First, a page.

As planning around the Project Connect transit system's rollout in Austin continues, Capital Metro is eyeing an expansion of its transit-oriented development strategy to house more people along future rail and bus routes.

Transit-oriented development, or TOD, brings a mix of housing and commercial space within a short distance of transit hubs with the goal of establishing walkable, dense and connected neighborhoods. TODs already in place in Austin are based around the east side's Plaza Saltillo and MLK Station, North Central Austin's Lamar Boulevard and Justin Lane area, and others. Austin is working to lay out its own equitable transit-oriented development, or ETOD, framework as Project Connect rail construction approaches.

On Nov. 17, the U.S. Department of Transportation’s Federal Transit Administration announced Cap Metro will receive $900,000 in federal support to continue its TOD planning efforts related to the build-out of Project Connect's Orange, Blue and Green rail lines. The FTA said the grant, one of several the agency announced last month, is aimed at spurring future mixed-use development with affordable housing and bike and pedestrian connections.

“FTA’s Pilot Program for TOD Planning helps communities examine ways to improve economic development and multimodal connectivity,” FTA Administrator Nuria Fernandez said in a statement. “When communities build new housing, retail, offices, and other construction near transit, they advance environmental justice and promote equity, particularly to underserved communities, by increasing access to opportunity and enabling and encouraging the creation and preservation of affordable housing.”

Cap Metro said it plans to use the funding to build more equitable and sustainable communities in the area. The transportation agency's goals are based on ETOD policy from Austin City Council.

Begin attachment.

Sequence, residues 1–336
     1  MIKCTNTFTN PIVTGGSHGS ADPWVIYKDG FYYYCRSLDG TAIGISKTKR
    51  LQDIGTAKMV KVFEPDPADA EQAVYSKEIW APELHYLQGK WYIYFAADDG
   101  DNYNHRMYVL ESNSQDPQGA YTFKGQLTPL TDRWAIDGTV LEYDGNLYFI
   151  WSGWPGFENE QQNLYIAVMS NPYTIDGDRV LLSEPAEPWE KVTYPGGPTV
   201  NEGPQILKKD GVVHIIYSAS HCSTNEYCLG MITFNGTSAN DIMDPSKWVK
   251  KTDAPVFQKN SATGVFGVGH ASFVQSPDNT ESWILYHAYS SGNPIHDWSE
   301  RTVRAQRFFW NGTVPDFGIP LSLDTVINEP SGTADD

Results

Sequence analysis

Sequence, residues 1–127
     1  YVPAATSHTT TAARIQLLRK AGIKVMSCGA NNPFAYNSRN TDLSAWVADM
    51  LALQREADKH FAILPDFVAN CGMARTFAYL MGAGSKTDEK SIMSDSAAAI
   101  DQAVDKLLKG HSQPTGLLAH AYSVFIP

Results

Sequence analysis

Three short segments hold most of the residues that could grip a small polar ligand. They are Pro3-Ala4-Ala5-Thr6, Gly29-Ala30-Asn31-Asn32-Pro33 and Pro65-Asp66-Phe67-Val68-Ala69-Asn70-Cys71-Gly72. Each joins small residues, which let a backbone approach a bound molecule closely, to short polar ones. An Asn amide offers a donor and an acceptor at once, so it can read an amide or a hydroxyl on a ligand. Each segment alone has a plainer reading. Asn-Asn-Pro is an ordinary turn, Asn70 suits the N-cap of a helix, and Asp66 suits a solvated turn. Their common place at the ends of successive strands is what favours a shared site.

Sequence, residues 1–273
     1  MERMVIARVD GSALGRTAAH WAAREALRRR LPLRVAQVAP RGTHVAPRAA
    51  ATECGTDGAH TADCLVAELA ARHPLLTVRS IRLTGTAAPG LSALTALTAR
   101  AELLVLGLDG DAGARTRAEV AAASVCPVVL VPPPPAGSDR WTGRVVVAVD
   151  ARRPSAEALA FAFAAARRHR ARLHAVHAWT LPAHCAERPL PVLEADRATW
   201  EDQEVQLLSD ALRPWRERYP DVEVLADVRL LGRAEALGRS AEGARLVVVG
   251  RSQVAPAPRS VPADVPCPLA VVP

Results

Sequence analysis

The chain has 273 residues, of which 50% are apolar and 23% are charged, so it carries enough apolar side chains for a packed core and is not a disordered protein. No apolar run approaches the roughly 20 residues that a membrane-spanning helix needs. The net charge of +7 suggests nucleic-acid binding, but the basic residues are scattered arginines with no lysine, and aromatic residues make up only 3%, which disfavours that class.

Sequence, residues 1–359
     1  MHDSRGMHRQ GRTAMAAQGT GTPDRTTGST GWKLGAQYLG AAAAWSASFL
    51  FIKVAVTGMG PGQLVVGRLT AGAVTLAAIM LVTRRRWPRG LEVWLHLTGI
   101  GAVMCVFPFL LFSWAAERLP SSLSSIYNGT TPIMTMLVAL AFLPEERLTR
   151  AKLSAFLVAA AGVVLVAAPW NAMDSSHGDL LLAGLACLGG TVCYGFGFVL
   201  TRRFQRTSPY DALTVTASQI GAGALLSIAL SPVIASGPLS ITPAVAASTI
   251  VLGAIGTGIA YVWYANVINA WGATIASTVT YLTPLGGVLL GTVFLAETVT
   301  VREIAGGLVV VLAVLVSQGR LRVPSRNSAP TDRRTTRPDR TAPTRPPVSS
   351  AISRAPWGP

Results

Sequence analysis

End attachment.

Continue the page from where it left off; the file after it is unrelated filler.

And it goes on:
"These grants are contributing to the creation of a systemwide ETOD strategy focusing on infrastructure development alongside affordable and attainable housing strategies. Deliverables included creation of case studies and existing conditions analysis and an extensive data and policy dashboard for all future light rail, commuter rail, and MetroRapid stations," Cap Metro Communications Specialist Blythe Nebeker said in an email.

Nebeker said the federal funding will help Cap Metro realize "the full potential of TODs" at two pilot sites: the North Lamar Transit Center and the agency's headquarters on East Fifth Street. The North Lamar facility is expected to be a northern hub of Project Connect's Orange and Blue lines north of downtown, while the Cap Metro headquarters could be in line for redevelopment as its own TOD district.

The Cap Metro campus is nearing staffing capacity as Project Connect activity ramps up, and the agency is considering its options for a relocation—work the federal funds will support. Cap Metro is also seeking to build a new facility to help meet its goals of becoming carbon neutral by 2040.

"In order to be able to accommodate this future fleet and additional Project Connect programs, it is imperative that we look ahead and relocate our administration and service delivery functions to one integrated facility," Nebeker said. "The site repurpose plan is still in early consideration. This TOD grant will help us map out development and funding scenarios."

Studies into the creation of TODs will begin later next year centered on topics such as affordable housing opportunities, access to jobs, safe transit access, and addressing racial health and wellness gaps, Nebeker said.